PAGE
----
Kyoto Box

The original Kyoto Box design. See below for updated design.

When Jon Bohmer sat down with his two little girls for a simple project they could work on together, he didn't realize they'd hit upon a solution to one of the world's biggest problems for just $5: A solar-powered oven. Inventor Jon Bohmer with the oven he has made out of a cardboard box.

The ingeniously simple design uses two cardboard boxes, one inside the other, and an acrylic cover that lets in the sun's rays and traps them.

Black paint on the inner box, and silver foil on the outer one, help concentrate the heat. The trapped rays make the inside hot enough to cook casseroles, bake bread and boil water.

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News and recent developmentsEdit

Design of theYear UK box oven.jpg

Selected at London Week: Designs of the Year

Design discussionEdit

Minimum Solar Box Cooker

The "Minimum" Solar Box Cooker uses a single back reflector that is very easily tilted up and down to track the sun instead of tilting the entire cooker as is the case with the Kyoto Box.

This design, while simple, has a number of shortcomings:

  • The reflectors will not stay in position with even the slightest wind.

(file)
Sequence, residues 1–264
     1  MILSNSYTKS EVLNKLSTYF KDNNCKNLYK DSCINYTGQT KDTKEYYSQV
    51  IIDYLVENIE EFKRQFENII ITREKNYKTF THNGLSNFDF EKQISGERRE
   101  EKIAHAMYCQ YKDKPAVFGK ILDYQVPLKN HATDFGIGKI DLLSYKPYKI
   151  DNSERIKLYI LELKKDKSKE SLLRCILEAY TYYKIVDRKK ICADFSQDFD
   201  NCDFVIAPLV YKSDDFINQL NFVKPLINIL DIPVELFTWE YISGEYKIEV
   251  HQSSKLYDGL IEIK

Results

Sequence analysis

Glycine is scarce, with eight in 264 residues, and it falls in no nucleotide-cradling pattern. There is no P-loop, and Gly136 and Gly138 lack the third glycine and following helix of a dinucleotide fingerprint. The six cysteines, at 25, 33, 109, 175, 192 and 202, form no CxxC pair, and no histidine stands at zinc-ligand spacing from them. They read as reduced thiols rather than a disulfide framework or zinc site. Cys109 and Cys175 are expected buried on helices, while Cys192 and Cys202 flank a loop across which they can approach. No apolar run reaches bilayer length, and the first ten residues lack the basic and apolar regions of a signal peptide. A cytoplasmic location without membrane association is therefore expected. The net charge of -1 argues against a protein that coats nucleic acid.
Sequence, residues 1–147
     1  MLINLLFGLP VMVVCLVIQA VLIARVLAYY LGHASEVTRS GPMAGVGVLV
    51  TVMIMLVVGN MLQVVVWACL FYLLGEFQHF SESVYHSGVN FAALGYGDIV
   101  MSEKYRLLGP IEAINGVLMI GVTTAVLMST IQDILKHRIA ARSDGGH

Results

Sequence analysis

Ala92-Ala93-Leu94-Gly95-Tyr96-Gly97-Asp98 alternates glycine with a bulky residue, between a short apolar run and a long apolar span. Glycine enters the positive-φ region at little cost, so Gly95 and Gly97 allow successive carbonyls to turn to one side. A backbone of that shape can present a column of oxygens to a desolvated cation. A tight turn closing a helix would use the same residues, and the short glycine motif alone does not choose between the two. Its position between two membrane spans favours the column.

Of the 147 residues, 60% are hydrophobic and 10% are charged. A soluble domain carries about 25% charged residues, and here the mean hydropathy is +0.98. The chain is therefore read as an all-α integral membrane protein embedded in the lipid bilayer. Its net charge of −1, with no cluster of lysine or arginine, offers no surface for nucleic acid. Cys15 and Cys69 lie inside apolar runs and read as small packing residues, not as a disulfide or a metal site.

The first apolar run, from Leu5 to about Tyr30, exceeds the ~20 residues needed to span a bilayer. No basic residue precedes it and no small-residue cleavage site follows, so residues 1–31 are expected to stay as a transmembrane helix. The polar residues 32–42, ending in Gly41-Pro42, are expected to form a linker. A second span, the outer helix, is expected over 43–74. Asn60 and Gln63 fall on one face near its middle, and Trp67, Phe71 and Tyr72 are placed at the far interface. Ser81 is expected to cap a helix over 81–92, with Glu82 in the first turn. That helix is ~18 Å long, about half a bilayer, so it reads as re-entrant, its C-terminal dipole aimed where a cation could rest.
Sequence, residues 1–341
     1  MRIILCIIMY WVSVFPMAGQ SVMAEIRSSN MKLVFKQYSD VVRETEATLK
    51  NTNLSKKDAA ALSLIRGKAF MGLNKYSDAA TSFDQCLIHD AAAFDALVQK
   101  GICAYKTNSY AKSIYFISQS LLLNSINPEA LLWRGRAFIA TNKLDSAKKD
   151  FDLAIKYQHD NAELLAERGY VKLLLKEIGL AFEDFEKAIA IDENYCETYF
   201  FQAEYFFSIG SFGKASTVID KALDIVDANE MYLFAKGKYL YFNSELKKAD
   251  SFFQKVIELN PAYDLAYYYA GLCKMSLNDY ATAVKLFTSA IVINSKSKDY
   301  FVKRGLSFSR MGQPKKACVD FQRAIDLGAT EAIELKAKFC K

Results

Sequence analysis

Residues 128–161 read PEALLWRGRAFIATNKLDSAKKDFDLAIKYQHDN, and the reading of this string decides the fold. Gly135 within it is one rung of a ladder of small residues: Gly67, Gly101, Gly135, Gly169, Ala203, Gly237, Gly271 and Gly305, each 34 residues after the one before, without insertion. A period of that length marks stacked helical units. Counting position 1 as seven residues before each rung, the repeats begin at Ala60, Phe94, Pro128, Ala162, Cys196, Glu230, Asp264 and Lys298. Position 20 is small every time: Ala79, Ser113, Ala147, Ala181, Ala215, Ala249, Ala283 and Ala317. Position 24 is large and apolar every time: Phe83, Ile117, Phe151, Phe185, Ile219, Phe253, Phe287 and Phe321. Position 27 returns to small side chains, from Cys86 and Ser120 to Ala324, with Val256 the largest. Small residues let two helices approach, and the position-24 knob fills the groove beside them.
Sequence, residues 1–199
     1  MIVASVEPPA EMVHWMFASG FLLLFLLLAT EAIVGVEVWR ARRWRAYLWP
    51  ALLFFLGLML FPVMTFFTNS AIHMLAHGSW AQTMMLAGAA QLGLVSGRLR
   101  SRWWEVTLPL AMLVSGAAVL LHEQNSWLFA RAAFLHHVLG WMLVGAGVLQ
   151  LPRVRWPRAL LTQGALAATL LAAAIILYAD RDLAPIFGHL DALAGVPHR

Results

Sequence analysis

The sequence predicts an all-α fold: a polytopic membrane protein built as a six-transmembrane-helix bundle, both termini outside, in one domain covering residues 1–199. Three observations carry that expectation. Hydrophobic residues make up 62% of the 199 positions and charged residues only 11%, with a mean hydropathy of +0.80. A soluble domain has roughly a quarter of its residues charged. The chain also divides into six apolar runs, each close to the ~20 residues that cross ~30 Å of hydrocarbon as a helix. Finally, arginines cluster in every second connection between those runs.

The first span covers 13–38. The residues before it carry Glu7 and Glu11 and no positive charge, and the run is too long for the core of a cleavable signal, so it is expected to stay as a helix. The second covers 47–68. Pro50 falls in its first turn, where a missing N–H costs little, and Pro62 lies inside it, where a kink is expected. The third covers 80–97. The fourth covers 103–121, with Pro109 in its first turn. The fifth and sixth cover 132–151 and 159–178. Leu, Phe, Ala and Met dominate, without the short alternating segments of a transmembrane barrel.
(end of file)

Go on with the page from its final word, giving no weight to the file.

• When the sun is not straight overhead, in order to make use of the reflectors, the entire box has to be tipped up to face the sun. This causes the cooking pot(s) to slide around and spill food.

Rather than have four reflectors, it is much more desirable to have a single rear reflector such as in the "Minimum" Solar Box Cooker design.

Revised designEdit

Kyoto box

Probably due the poor cooking performance or the original design, Jon Bohmer has modified the design of the Kyoto Box to be more similar to earlier box cookers. An interesting innovation is the use of a white reflector instead of one covered with aluminum foil or Mylar.

Audio and videoEdit

  • March 2009: 
Kyoto Box Solar Cooker

Kyoto Box Solar Cooker

External linksEdit


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